Originally Posted by canadianelbow
So lets assume for a moment that ford recomends 33 psi on the door jamb on a '10 f150. (I'm too lazy to go look at the exact #). Are you saying that they make that recomendation based on the specific tire they chose for that model? And if you change tires to say the nitto trail grappler 35/12.5/18lt, that you would have to ignore the door jamb tire pressure and go with the recomended pressure from nitto? Where would you even find a recomended pressure from the manufacturer? They only print the max tire pressures on tires, not recomended. Max, and recomended are not the same......
Yes, it is for that specific tire. You will find different recommended pressures on the sticker depending upon which tire came with the vehicle. As an example, mine came with a LR C LT tire. Recommended pressure is 45. Yes if you change tires you should ignore the door sticker unless, it is the same LR, weight carrying ability, and max pressure.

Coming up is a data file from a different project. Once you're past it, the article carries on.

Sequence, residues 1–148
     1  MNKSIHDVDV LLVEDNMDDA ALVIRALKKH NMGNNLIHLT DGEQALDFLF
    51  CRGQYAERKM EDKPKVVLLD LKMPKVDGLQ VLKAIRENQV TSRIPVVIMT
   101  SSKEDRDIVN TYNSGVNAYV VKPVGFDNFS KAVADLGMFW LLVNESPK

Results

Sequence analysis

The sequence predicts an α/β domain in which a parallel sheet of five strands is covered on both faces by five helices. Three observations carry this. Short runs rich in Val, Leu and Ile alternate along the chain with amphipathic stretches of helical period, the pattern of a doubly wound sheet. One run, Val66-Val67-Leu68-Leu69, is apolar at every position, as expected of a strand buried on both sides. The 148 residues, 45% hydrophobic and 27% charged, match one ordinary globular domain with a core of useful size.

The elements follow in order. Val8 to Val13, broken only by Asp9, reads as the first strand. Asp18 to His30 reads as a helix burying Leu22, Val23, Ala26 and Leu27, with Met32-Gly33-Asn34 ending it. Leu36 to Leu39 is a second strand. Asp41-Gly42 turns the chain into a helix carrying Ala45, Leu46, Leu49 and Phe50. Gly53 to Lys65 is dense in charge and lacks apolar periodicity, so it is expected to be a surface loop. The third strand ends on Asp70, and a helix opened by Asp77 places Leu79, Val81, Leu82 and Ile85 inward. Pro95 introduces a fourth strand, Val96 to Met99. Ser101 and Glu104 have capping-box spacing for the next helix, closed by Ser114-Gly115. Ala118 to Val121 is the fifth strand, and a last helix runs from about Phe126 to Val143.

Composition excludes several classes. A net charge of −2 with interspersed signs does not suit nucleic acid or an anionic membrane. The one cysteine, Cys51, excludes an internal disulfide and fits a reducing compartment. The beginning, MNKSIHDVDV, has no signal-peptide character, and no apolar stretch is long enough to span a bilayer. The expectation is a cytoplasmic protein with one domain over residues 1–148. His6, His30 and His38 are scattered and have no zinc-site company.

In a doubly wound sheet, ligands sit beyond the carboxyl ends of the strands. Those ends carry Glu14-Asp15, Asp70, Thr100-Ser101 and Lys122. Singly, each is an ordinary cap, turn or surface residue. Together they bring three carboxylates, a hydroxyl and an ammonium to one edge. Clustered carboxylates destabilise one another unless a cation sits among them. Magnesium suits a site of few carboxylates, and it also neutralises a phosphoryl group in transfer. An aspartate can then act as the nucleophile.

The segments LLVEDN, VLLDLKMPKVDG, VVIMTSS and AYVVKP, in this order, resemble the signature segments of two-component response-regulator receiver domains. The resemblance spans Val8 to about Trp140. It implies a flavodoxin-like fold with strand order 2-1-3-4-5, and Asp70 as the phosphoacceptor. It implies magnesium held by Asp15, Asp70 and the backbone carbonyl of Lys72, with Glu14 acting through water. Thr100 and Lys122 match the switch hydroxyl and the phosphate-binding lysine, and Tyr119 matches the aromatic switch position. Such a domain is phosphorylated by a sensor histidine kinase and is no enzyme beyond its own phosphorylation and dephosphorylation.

Unfortunately, there is nowhere to go to get what you should use. I have heard of tire dealers that say just use what is on the door for a LR E tire with a max pressure of 80, when the door sticker was for a P series with a max of 35. 35 is way too low for a LR E with that max. At best, a LR E, which has a very high weight rating, 40 would be the minimum, and then only for an unloaded vehicle. A LR E will normally have a weight rating from 3200 to 4000lbs. At 35, the tire cannot handle half of that value, and could be dangerous on the highway. You just have to use some common sense and look at the numbers.
Some other place to look at is the rule NHTSA created for the use of the Tire Pressure Monitoring Systems.
Scroll down about 1/4 of the way on this. It has a chart of pressures. Even though 46 is listed as the minimum for a LR E, some tires have a much higher rating, so that when used on an F150, lower than 46 could be okay, but anything lower than 40 could be a problem.